Infrastructure investment has helped Tomball become an ideal business destination. Connectivity to the region, nation and world has never been easier for businesses in Tomball. Ideally situated between the Tomball Parkway and Grand Parkway, Tomball is accessible from all directions. Extensions and expansions of north-south and east-west roads inside Tomball, such as South Persimmon Street and Medical Complex Drive, continue to help businesses and residents navigate their way to major thoroughfares, limiting commute times and improving logistics.

George Bush Intercontinental Airport (IAH), the Transportation Security Administration’s 2020 Airport of the Year, is 30 minutes from Tomball. With more than 25 airlines and nearly 70 international destinations, IAH helps bring the world to Tomball. Mere minutes from Old Town Tomball, David Wayne Hooks Airport provides convenient chartered flights and fixed-based operator (FBO) services.

International and domestic markets are accessible via Port Houston, less than an hour from Tomball. Tomball businesses access the Port by truck or Burlington Northern Santa Fe (BNSF) Railway.

Companies taking advantage of Tomball’s strategic location and well-designed infrastructure also find financial advantages via low taxes and economic incentives.

With one of the lowest property tax rates in Harris County, Tomball maintains superior core services through prudent fiscal management. The City of Tomball also utilizes a popular tax abatement program to stimulate economic growth.

The TEDC helps fund infrastructure costs for eligible projects and provides financial assistance through cash grants for projects that create or retain jobs, while Texas incentivizes new business investment through the Texas Enterprise Zone Program and Texas Enterprise Fund.

Investments throughout Tomball have accelerated population growth in the area. More than 2,200 homesites planned or under construction will play a role in expanding Tomball’s population from around 12,000 to more than 20,000 by 2030. Including the area immediately surrounding Tomball, population is expected to surpass 100,000 within five years.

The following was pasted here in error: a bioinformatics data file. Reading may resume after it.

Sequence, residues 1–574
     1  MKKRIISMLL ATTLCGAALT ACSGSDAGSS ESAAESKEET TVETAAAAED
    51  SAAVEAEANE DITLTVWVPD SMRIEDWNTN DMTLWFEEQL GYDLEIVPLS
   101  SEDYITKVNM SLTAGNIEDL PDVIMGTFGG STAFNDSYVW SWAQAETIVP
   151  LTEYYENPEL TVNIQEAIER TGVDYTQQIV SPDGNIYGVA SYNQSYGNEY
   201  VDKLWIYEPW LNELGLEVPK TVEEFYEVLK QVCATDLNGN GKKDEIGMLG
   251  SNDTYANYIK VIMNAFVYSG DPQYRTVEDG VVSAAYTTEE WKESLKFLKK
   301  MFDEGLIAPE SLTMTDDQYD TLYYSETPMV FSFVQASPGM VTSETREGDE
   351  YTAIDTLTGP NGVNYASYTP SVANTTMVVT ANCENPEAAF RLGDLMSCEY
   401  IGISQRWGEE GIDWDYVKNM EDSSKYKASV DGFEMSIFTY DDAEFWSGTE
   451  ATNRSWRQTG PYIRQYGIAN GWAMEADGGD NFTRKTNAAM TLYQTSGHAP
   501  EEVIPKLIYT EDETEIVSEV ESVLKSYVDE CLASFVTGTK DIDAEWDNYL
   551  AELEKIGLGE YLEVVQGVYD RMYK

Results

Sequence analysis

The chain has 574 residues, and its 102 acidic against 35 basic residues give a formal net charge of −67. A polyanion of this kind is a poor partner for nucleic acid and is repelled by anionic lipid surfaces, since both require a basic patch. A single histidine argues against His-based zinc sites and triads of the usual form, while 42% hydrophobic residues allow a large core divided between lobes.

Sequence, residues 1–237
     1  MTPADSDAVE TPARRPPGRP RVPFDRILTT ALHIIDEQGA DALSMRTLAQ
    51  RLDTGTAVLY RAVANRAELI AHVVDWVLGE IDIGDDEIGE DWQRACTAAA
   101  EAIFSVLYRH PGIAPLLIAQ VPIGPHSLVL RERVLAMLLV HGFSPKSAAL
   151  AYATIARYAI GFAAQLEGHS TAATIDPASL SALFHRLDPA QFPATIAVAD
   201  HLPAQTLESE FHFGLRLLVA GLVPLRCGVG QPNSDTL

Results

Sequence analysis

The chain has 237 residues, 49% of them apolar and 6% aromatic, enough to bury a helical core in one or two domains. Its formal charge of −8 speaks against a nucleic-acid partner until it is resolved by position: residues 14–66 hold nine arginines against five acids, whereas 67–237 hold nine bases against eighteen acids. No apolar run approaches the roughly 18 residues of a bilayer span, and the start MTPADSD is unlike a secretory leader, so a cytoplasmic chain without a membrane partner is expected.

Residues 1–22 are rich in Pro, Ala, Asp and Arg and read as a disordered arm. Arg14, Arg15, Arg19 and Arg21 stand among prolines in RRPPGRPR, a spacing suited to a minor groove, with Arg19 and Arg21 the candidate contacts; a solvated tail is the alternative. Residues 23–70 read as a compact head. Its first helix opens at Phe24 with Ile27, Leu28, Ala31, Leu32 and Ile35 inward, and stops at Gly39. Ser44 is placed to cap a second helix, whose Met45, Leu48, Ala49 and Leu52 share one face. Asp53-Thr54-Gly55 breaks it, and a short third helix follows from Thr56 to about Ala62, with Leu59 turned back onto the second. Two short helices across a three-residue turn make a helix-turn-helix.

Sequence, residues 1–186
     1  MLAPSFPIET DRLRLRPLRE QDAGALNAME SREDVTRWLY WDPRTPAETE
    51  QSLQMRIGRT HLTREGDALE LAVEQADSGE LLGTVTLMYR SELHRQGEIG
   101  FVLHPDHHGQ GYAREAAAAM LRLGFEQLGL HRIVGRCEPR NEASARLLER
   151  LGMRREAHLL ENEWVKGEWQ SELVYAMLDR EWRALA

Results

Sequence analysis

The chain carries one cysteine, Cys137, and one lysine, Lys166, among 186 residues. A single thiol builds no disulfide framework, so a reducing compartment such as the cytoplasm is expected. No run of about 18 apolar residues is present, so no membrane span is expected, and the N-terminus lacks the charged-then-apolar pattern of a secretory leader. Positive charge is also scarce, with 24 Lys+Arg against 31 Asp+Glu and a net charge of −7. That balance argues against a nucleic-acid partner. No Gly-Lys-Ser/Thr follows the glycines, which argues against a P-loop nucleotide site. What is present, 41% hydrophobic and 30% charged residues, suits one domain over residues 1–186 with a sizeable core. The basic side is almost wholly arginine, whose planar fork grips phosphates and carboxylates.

This population growth will add to Tomball’s qualified workforce. The TEDC, which has a goal to further develop workforce initiatives, works with area educational partners to prepare students for careers. Through events like Science, Technology, Engineering, Arts and Mathematics (STEAM) camps and career fairs, education and business work together to advance workforce development in Tomball.

McCoy’s Door & Millworks doubled their facility size by expanding locally into a nearby Generation III building (pictured). The move permitted another existing company, Detex, to expand their business into the 50,000-square-foot space previously occupied by McCoy. (Photo: TEDC)

Tomball’s premier educational options are key in filling the pipeline. Tomball Independent School District is among the highest-rated districts in Texas, as evidenced by its “A” grade in the Texas Education Agency’s most recent accountability ratings. Lone Star College-Tomball, a member of the nationally ranked community
college system, educates thousands of students with direct placement into the workforce.

In addition to working with its outstanding educational partners to fill existing jobs, the TEDC helps entrepreneurs launch businesses. The TEDC is working toward its strategic goal of supporting emerging entrepreneurs through innovative solutions by creating an atmosphere that promotes new ideas and ventures.

The culinary scene is a place where entrepreneurs have had great success in Tomball. Coined a “foodie destination,” Tomball has blossomed with several must-try restaurants from German to Tex-Mex to barbecue. The weekly Tomball Farmer’s Market in Old Town Tomball regularly attracts hundreds of residents and visitors to discover and taste exciting foods sourced by local vendors and food entrepreneurs.

A city of festivals, food and entertainment options, Tomball attracts businesses and appeals to employees with a clear vision and strategic plan to blend commerce, community, culture and connectivity to drive economic growth.


“The thought came to me involuntarily upon viewing the city and beautiful fruitful valley from a distance, what an earthly paradise could be created here through the hands of an industrious and cultured population.” – Dr. Ferdinand von Roemer, 1845.

Dr. von Roemer really did not know what the impact of the beauty of New Braunfels would have 175 years later!

Nestled deep in the heart of the Texas Hill Country, on the banks of two beautiful rivers is where you will find New Braunfels. Founded in 1845 by German settlers, the foundation of New Braunfels’ entrepreneurial spirit was kindled and remains very alive today. Since 1845, the characteristics of “work hard and make good progress” define New Braunfels—much like our founding ancestors over 175 years ago. Though much has changed from 1845 to today, the core principles set forth by the founders—hard work, progress, civic pride and family devotion—have remained a steadfast way of New Braunfels life.